Great analysis, and nice matplotlib visualisations. Would it be possible to share the 'in' code to produce the graphs for learning purposes? :)

ipython notebook rocks, these sorts of analyses are super easy to cook up.

Curious to know what tools you used to gather and build out the stats?

Runtime vs Rating is essentially a heatmap; hard to draw conclusions.

Best rated movies are bimodal: war movies, and gangster movies.

Where can one get a list of more top movies than 250?

IMDB recently released their data in which I took the ranking equation, you may find it useful: http://www.imdb.com/interfaces

Melancholia is not 450 minutes long.

It is not Melancholia(2011) but Melancholia 2008, here is IMDB link which says 450 minutes: http://www.imdb.com/title/tt1269566/

In the table, I also gave the release year of the movie in order to avoid name conflicts.

I see. Sorry. I saw your release year and thought about name conflicts, but still missed it.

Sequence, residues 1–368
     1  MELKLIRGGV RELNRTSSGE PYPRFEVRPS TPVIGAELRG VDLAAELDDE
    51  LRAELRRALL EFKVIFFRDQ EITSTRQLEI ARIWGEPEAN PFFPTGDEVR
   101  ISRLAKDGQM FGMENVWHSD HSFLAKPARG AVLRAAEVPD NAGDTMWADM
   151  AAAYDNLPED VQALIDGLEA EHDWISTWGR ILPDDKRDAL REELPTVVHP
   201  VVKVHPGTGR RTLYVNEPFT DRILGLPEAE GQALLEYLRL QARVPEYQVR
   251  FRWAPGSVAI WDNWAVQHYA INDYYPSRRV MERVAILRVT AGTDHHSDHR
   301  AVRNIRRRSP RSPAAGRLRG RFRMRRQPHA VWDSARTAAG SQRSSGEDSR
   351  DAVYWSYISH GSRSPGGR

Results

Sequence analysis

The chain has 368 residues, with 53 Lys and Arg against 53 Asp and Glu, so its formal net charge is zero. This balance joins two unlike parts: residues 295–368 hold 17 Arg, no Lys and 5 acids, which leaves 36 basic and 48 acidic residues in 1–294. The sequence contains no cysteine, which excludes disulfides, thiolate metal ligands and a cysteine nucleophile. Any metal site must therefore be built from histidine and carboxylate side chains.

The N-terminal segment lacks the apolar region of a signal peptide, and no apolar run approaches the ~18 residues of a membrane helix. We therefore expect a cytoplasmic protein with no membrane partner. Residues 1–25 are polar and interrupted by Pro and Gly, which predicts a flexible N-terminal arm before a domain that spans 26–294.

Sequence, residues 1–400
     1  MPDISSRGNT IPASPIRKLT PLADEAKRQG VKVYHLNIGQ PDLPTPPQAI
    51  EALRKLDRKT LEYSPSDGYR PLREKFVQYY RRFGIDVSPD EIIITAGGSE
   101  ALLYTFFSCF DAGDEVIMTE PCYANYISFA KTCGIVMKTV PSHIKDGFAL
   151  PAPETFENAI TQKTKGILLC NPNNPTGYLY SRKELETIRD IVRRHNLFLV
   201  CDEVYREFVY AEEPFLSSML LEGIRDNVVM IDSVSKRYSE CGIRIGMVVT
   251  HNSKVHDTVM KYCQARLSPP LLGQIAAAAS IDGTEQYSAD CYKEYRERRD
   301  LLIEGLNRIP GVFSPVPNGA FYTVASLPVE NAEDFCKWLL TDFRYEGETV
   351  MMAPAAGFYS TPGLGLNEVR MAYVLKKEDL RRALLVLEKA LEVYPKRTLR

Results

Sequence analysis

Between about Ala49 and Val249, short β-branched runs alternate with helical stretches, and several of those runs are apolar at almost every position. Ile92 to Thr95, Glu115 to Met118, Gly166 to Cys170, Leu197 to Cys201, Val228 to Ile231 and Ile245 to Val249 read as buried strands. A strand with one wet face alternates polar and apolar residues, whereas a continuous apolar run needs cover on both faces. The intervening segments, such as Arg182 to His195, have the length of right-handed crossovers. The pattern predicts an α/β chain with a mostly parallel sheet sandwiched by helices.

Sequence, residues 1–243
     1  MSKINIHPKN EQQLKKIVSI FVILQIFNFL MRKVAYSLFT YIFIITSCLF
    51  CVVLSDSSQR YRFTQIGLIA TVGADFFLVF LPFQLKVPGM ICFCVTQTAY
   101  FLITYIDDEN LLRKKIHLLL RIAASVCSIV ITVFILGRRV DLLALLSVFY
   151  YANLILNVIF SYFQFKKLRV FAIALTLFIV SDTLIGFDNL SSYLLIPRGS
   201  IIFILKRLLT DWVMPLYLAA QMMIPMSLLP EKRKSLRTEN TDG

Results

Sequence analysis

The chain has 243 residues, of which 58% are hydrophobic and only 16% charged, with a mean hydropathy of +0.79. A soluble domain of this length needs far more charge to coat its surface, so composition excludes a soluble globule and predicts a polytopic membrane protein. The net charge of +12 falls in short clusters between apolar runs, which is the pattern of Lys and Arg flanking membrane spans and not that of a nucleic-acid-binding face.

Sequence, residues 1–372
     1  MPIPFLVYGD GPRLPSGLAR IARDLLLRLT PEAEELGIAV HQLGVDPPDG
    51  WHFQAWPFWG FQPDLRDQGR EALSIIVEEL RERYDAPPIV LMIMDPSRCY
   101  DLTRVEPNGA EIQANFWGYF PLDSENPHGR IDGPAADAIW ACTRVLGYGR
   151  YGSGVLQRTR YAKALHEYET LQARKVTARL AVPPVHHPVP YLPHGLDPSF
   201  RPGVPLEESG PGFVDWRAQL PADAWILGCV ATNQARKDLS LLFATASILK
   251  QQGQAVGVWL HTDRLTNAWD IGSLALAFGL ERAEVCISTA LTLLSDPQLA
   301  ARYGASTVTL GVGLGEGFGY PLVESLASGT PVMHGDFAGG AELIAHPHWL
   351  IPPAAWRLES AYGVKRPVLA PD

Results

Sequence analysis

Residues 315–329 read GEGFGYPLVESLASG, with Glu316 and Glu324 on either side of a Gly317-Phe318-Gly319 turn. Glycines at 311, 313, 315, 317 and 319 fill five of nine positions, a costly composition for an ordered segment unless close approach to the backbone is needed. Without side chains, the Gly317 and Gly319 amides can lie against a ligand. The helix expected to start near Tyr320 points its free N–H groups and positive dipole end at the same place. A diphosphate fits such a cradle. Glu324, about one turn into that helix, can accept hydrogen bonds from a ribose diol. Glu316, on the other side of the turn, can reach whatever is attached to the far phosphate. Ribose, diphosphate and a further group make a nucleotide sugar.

Actually, my first thought was that Melancholia might have been 450 minutes long. Because it felt that long when I watched it.


I'd like to see more breakdown by release year, e.g. # of movies in each category by release year.

I think it would be interesting to look at those stats next to economic stats, etc.

I'd also like to see a more granular breakdown of attributes of each movie (movies relating to technology, movies with a workers' union being a strong component of the film, race relations, international relations, etc.) and the # of each of those per year, but that would be much more work.